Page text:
Coordinating AgMIP data and models across global and regional scales for 1.5°C and 2°C assessments
Cynthia Rosenzweig, Alex C. Ruane, John Antle, Joshua Elliott, Muhammad Ashfaq, Ashfaq Ahmad Chatta, Frank Ewert, Christian Folberth, Ibrahima Hathie, Petr Havlik, Gerrit Hoogenboom, Hermann Lotze-Campen, Dilys S. MacCarthy, Daniel Mason-D'Croz, Erik Mencos Contreras, Christoph Müller, Ignacio Perez-Dominguez, Meridel Phillips, Cheryl Porter, Rubi M. Raymundo, Ronald D. Sands, Carl-Friedrich Schleussner, Roberto O. Valdivia, Hugo Valin, Keith Wiebe
The Agricultural Model Intercomparison and Improvement Project (AgMIP) has developed novel methods for Coordinated Global and Regional Assessments (CGRA) of agriculture and food security in a changing world. The present study aims to perform a proof of concept of the CGRA to demonstrate advantages and challenges of the proposed framework. This effort responds to the request by the UN Framework Convention on Climate Change (UNFCCC) for the implications of limiting global temperature increases to 1.5°C and 2°C above pre-industrial conditions.
The protocols for the 1.5°C/2°C assessment establish explicit and testable linkages across disciplines and scales, connecting outputs and inputs from the Shared Socio-economic Pathways (SSPs), Representative Agricultural Pathways (RAPs), Half a degree Additional warming, Prognosis and Projected Impacts (HAPPI) and Coupled Model Intercomparison Project Phase 5 (CMIP5) ensemble scenarios, global gridded crop models, global agricultural economics models, site-based crop models and within-country regional economics models. The CGRA consistently links disciplines, models and scales in order to track the complex chain of climate impacts and identify key vulnerabilities, feedbacks and uncertainties in managing future risk.
CGRA proof-of-concept results show that, at the global scale, there are mixed areas of positive and negative simulated wheat and maize yield changes, with declines in some breadbasket regions, at both 1.5°C and 2°C. Declines are especially evident in simulations that do not take into account direct CO2 effects on crops. These projected global yield changes mostly resulted in increases in prices and areas of wheat and maize in two global economics models.
Regional simulations for 1.5°C and 2°C using site-based crop models had mixed results depending on the region and the crop. In conjunction with price changes from the global economics models, productivity declines in the Punjab, Pakistan, resulted in an increase in vulnerable households and the poverty rate.
This article is part of the theme issue ‘The Paris Agreement: understanding the physical and social challenges for a warming world of 1.5°C above pre-industrial levels'.
Coastal loss and damage for small islands
This commentary on a paper in Nature Sustainability reviews how the study quantifies the impacts of sea-level rise on small island states and estimates the impacts in terms of cost, land loss and population exposure across all small islands worldwide.
Adjusting 1.5°C climate change mitigation pathways in light of adverse new information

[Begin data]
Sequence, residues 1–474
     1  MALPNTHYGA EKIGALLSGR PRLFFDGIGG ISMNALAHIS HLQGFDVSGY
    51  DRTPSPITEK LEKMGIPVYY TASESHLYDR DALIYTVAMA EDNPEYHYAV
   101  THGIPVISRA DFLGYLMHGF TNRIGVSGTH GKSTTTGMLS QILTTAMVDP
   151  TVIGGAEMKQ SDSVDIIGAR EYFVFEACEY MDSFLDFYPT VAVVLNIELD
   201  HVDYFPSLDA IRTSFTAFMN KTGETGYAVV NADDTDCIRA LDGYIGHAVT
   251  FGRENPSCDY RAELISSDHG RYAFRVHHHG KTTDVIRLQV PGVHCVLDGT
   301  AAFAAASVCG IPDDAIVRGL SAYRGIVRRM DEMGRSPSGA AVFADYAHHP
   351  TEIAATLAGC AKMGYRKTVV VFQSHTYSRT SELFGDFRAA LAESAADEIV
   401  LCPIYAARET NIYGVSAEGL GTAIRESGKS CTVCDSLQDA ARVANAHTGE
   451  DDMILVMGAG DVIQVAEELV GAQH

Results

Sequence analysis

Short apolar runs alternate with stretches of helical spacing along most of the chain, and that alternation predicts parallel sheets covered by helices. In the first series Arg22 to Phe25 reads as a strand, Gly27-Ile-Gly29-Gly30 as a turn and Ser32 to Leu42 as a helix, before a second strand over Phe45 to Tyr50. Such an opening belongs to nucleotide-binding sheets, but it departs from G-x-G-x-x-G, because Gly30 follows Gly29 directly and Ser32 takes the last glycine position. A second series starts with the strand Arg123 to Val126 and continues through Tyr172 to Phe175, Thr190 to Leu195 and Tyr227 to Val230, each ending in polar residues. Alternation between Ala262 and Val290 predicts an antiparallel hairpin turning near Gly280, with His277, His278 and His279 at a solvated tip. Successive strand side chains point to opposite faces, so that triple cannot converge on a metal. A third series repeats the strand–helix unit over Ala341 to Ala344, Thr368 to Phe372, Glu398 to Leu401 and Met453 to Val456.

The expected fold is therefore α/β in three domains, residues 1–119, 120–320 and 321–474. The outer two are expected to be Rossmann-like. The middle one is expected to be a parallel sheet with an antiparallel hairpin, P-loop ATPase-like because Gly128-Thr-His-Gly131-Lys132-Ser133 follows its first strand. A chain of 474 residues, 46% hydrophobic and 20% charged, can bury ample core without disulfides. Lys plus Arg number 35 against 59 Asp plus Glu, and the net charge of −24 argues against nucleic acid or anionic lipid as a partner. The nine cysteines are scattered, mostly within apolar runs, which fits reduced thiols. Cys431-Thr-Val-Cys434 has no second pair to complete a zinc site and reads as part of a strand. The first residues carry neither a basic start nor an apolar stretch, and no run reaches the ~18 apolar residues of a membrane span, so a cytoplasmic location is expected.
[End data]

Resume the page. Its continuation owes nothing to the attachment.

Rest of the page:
This study uses an integrated assessment model to explore how 1.5°C pathways could adjust in light of new adverse information, such as a reduced 1.5°C carbon budget, or slower-than-expected low-carbon technology deployment.
2030 targets aligned to 1.5°C: evidence from the latest global pathways
Our new method applies sustainability limits and minimises the need for carbon dioxide removal to set key 2030 global targets for renewables, fossil fuels and emissions.
The deployment length of solar radiation modification: an interplay of mitigation, net-negative emissions and climate uncertainty
Here, we investigate the deployment timescales of solar radiation modification and how they are affected by different levels of mitigation, net-negative emissions and climate uncertainty.
Emissions as usual: implications for the Safeguard Mechanism of LNG and coal mine projects
This report examines the implications of committed and proposed developments in the LNG and coal mining sectors for reform of Australia's Safeguard Mechanism.
Uncompensated claims to fair emission space risk putting Paris Agreement goals out of reach
Only halving emissions by 2030 can minimise risks of crossing cryosphere thresholds
1.5°C is still in reach to reduce the worst climate risks – but only with immediate mitigation action and shifting finance
How can the EU transform its economy to meet the 1.5°C goal?
What does the 1.5°C goal require from EU climate policy? This 4i-TRACTION policy brief analyses the latest 1.5°C-aligned scenarios and spells out what they imply for EU climate policy.
Institutional decarbonisation scenarios evaluated against the Paris Agreement 1.5°C goal
This study analyses six institutional decarbonisation scenarios published between 2020 and mid 2021 (including four from the oil majors and two from the International Energy Agency. It finds that most of the scenarios would be classified as inconsistent with the Paris Agreement as they fail to limit warming to ‘well below 2 ̊C, let alone 1.5 ̊C, and would exceed the 1.5 ̊C warming limit by a significant margin.